Luther Strange will likely be the first and last establishment candidate Trump will make the admitted “mistake” of supporting…
Roy Moore defeated Alabama Sen. Luther Strange in Tuesday’s Alabama Republican Senate primary runoff.
The primary took on national importance as President Trump endorsed Strange, while traditional Trump allies, such as former White House chief strategist Steve Bannon, backed Moore.
“They’re going to say, ‘Donald Trump, the President of the United States, was unable to pull his candidate across the line. It is a terrible, terrible moment for Trump,’” the president said while imitating news anchors at a Friday rally in Alabama in support of Strange.
Strange become a senator when Jeff Sessions left his seat to become attorney general. The senator is a former lobbyist and was backed by a super PAC linked to Majority Leader Mitch McConnell and the Chamber of Commerce, a typical establishment GOP partner.
“Mitch McConnell and this permanent political class is the most corrupt and incompetent group of individuals in this country. They think you’re a pack of morons. They think you’re nothing but rubes,” Bannon said at a rally Monday in support of Moore. “They have no interest at all in what you have to say, what you have to think or what you want to do.”
However, Trump contended at his Friday rally in support of Strange that the senator barely knew McConnell, and that the Alabama senator is “determined to drain that swamp.”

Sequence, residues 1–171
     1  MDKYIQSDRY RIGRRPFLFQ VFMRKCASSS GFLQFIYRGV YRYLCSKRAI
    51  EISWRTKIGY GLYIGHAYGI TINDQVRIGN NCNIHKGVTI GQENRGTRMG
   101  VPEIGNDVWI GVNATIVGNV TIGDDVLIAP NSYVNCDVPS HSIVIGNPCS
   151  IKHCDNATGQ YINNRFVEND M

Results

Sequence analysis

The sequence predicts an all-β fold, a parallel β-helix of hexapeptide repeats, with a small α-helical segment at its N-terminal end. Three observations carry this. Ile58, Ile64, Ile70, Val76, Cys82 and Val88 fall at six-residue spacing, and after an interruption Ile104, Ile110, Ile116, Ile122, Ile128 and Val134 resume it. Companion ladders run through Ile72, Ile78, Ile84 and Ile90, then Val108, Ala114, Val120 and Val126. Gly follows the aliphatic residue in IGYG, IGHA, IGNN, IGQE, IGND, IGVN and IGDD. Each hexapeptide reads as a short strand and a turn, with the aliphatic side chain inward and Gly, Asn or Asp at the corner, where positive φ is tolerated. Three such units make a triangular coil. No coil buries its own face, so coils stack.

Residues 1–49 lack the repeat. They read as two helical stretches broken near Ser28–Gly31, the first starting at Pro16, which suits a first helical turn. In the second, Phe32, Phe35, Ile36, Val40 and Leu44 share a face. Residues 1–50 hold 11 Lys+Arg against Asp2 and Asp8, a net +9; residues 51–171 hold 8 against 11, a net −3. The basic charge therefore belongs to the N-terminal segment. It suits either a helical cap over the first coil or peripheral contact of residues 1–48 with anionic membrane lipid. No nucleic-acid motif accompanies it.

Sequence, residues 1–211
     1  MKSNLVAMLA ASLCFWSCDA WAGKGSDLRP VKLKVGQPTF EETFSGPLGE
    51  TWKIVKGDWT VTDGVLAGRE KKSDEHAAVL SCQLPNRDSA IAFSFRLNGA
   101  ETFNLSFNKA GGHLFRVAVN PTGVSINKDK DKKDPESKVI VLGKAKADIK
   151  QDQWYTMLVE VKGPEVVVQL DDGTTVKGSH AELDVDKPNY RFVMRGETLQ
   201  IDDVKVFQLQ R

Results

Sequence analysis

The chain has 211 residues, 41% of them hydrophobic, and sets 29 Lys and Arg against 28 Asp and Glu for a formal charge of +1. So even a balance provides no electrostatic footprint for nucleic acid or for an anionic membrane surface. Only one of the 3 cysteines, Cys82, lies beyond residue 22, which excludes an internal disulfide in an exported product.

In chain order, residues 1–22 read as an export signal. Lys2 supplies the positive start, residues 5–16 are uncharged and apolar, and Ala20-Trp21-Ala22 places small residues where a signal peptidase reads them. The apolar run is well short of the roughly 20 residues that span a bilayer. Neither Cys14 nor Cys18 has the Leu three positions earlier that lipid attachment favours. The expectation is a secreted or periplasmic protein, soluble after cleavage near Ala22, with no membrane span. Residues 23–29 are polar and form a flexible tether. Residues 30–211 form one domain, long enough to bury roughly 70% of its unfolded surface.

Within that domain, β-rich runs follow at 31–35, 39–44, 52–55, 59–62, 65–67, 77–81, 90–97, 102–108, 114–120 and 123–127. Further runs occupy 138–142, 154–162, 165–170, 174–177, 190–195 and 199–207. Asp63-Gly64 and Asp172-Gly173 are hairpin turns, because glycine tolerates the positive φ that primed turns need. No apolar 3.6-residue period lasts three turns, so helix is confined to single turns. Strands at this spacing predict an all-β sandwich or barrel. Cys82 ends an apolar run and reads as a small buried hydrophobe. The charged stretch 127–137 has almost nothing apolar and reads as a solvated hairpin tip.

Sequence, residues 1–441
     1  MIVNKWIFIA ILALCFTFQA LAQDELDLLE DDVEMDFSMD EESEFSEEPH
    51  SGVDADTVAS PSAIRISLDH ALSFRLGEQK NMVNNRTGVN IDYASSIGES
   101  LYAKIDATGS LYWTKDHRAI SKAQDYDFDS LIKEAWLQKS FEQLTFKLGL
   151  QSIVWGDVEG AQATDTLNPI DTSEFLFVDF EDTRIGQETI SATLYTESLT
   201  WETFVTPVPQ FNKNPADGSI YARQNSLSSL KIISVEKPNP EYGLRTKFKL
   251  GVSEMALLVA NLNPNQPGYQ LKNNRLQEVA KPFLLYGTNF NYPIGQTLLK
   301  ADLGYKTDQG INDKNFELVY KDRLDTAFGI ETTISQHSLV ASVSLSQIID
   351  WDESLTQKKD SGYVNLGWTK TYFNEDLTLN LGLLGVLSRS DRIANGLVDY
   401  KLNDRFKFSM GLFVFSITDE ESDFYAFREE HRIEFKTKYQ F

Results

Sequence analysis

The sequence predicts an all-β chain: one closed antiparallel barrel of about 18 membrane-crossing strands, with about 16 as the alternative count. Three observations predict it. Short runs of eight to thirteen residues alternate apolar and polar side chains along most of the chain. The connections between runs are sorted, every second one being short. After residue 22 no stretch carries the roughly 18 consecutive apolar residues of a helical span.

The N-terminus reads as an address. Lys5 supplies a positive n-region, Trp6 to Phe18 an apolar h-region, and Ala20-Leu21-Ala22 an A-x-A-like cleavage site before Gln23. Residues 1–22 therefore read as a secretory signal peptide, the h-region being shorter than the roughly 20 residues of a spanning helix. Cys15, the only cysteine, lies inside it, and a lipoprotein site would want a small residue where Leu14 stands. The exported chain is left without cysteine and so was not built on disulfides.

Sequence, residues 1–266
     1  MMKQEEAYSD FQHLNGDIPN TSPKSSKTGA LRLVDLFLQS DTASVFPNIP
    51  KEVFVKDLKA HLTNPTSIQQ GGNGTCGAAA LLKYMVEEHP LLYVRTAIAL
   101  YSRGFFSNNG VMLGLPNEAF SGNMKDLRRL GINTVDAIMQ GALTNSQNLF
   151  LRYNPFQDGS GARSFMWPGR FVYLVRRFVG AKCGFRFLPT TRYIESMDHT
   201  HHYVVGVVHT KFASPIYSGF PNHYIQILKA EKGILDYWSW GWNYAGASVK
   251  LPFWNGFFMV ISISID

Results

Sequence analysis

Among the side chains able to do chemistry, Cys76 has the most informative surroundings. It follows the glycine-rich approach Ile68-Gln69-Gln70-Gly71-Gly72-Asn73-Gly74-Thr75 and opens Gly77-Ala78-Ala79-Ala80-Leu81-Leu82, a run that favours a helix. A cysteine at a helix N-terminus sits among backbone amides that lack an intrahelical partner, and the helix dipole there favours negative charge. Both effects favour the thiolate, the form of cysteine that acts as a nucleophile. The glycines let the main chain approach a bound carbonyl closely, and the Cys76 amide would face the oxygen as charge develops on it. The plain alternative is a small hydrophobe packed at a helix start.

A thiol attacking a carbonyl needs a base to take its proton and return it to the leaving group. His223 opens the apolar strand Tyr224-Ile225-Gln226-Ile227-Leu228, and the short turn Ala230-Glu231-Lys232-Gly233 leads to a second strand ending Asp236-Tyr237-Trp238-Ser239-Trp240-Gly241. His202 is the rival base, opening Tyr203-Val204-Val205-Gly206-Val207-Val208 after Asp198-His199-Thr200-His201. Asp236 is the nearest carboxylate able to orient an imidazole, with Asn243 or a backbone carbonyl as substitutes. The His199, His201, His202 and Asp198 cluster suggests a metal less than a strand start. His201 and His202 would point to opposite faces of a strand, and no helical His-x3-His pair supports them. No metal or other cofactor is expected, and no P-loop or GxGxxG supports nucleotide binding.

The president would go on to say, “I’ll be honest, I might have made a mistake,” and said he would campaign “like hell” for Moore if he were to win the primary. The former Alabama Supreme Court chief justice led the race throughout in the polls, and was up by 11 points in the final public poll.
Moore is a major figure in Alabama and became nationally known in 2003 when he was removed from office after defying a federal court’s ruling to remove a Ten Commandments monument from the Alabama state Supreme Court building.
Like Trump, the former judge has a brash and sometimes offensive manner of speaking.
“Now we have blacks and whites fighting, reds and yellows fighting, Democrats and Republicans fighting, men and women fighting. What’s going to unite us? What’s going to bring us back together? A president? A Congress? No. It’s going to be God,” Moore said in a campaign speech. –Daily Caller